Kernels of Nonsense, #10: Character vs Plot

Kernels of Nonsense (2)Kernels of Nonsense is a bimonthly feature on my blog where I discuss various book-related topics. This week I will be discussing character-driven vs plot-driven novels.

I don’t believe many novels can be described solely as character-driven or plot-driven. Books usually lean toward one or another on a type of spectrum. For the purpose of this post I will defining plot-driven stories as those that revolve more around the action of the story and character-driven as those that focus more on the inner struggles of its characters.

Ideally a balance between character and plot make the more compelling novel, but I find that if a story line doesn’t appeal to me, I will still keep reading because of how interesting the characters are. The same cannot be said if these roles are reversed. A story line can be really interesting, but if the characters themselves are bland or undeveloped, I have a hard time staying interested. Plot may drive a story, but it is the characters that keep readers invested in it.

Plot is important as it gives the story the right kind of setting and often sets up a physical obstacle for its characters. Conflict often challenges our characters and gives them a place in the bigger world. Plot requires action and it is this action that drives a story forward from the introduction to the climax and ultimately to the resolution. But for a novel to truly hit a chord with me, I want to see more than action, I want to see the main character internalize this action.

Character-driven novels are best when we see the inner struggles of its characters, when these actions correspond with a believable thought-process. When a novel is driven solely by plot or leans heavily on it without paying attention to its characters, these characters become much more akin to an idol. Characters become heroes without the author delving into their inner psyches, thus making them a kind of Superman. But having flaws, struggling to come to terms with who you are, has a much greater appeal. How can a reader relate to these characters if they are merely examples of the best virtues?

Perhaps characters that are closer to perfection are the ones who struggle, the ones who make mistakes and who you sometimes wish would make different choices. They draw you in because like you they are flawed, their imperfections, from being insecure to being impetuous to being prideful, are something you can relate to. It is difficult to care about characters that I cannot in some way relate to. I often find characters who overcome their inner demons to be more compelling than those who succeed in defeating a whole army. Personally, I am an emotional reader. I care how a book makes me feel, I want to care for its characters, because it is this connection that keeps me reading.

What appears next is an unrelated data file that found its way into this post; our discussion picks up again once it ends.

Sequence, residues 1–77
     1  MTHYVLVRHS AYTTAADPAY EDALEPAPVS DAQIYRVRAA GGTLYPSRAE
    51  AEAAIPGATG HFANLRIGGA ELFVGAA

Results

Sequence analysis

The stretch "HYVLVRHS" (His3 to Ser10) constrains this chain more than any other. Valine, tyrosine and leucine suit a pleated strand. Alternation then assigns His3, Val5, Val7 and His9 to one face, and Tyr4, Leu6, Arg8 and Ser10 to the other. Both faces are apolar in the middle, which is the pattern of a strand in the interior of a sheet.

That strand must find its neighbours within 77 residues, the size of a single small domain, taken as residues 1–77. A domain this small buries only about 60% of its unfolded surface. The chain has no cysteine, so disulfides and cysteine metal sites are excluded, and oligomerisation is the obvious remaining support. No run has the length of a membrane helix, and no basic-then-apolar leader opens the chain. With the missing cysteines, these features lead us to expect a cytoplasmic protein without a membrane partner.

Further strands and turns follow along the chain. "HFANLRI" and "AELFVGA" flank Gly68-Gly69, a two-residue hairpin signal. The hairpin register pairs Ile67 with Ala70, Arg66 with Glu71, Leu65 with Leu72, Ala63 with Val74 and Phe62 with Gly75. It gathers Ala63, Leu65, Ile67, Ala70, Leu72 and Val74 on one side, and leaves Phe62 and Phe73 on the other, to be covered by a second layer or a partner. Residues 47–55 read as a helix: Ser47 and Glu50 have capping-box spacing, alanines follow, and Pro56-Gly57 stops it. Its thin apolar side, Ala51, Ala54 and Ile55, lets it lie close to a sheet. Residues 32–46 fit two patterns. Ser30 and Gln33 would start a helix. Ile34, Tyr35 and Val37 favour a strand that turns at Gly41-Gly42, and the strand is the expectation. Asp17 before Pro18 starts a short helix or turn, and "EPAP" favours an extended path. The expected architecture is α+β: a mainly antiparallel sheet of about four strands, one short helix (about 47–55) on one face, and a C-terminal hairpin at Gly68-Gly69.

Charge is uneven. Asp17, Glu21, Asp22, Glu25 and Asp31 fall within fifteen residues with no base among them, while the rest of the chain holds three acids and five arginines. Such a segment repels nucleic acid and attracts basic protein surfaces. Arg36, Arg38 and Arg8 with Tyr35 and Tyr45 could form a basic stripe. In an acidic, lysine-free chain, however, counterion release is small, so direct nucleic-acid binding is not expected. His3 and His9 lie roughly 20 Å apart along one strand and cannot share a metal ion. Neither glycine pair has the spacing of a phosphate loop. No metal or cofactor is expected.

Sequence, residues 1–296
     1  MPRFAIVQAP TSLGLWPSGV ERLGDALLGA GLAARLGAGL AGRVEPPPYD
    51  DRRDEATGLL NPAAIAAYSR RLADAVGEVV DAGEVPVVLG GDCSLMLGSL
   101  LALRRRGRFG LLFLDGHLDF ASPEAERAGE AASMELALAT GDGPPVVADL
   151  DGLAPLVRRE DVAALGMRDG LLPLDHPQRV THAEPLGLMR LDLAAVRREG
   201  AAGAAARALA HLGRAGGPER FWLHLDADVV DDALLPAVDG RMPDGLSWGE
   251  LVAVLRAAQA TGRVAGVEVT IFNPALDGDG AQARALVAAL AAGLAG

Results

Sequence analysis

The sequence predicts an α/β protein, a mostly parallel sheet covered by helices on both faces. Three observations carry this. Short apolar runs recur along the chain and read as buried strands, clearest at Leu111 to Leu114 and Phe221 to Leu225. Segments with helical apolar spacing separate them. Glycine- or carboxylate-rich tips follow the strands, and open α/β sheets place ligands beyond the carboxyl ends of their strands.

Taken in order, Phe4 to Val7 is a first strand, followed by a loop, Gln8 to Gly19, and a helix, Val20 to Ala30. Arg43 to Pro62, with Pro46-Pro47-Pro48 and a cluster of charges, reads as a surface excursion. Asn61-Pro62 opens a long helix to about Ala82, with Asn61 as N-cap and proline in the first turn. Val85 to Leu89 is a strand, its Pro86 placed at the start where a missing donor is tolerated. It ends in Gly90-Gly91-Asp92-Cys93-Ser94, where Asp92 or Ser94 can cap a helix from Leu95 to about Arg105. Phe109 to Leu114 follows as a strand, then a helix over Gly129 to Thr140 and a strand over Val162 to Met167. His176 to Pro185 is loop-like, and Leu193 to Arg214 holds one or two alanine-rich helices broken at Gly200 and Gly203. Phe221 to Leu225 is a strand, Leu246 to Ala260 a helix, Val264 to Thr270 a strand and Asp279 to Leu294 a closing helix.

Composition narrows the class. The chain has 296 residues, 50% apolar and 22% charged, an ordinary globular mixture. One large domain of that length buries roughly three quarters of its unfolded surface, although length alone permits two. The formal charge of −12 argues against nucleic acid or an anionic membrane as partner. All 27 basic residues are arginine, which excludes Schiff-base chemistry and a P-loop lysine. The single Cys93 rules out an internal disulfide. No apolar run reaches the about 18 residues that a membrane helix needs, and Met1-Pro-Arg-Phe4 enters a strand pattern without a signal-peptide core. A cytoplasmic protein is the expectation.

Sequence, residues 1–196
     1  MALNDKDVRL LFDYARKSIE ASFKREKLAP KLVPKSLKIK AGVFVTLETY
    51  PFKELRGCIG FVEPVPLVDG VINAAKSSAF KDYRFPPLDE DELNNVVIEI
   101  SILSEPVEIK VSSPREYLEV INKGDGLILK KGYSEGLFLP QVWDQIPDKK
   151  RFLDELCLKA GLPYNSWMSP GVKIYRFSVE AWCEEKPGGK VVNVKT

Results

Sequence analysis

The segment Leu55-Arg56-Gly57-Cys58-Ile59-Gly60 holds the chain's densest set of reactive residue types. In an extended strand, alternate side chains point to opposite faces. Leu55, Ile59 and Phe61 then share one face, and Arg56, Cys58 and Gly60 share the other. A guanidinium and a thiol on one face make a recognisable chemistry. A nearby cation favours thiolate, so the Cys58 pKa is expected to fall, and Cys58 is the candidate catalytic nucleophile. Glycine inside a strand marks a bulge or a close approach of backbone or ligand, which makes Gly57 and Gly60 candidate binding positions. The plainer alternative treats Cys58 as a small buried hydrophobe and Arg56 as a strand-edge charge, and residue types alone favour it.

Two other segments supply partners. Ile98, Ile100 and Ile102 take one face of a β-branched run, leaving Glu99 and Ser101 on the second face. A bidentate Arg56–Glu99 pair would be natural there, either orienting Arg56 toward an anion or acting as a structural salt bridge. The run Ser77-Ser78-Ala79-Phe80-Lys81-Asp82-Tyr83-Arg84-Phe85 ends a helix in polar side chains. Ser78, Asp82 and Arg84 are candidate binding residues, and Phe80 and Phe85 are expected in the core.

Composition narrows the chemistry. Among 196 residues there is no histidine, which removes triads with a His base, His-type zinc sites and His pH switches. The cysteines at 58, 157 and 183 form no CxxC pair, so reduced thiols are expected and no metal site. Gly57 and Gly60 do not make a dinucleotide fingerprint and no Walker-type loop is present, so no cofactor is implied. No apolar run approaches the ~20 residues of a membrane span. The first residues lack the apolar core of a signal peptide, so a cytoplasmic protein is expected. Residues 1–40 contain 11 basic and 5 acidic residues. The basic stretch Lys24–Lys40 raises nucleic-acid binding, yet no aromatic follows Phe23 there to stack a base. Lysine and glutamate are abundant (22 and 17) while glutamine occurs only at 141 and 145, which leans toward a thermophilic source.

What is your opinion? Do you believe plot or characters are more important? Which kind of books do you prefer?

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5 thoughts on “Kernels of Nonsense, #10: Character vs Plot

  1. Pingback: Weekly Recap| Oct 12-18, 2014 | Oh, the Books!

  2. I’m with you that amazing characters really drive a story for me. I might keep reading if the plot is intriguing, but I will always keep reading for great characters! And of course, extra bonus points when both are awesome!

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    • I definitely remember characters more than I do plot. I’ve never bought a sequel to find out what happened to a ship when it went down, I’ve bought it because I want to find out what happened to the characters on that ship.

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  3. I am a plot person, of course it’s ideal if both characters and plot are amazing and I do like character driven stories too, but only if the plot is good. The characters can be amazing as anything, but if the plot is boring I will not like the story.

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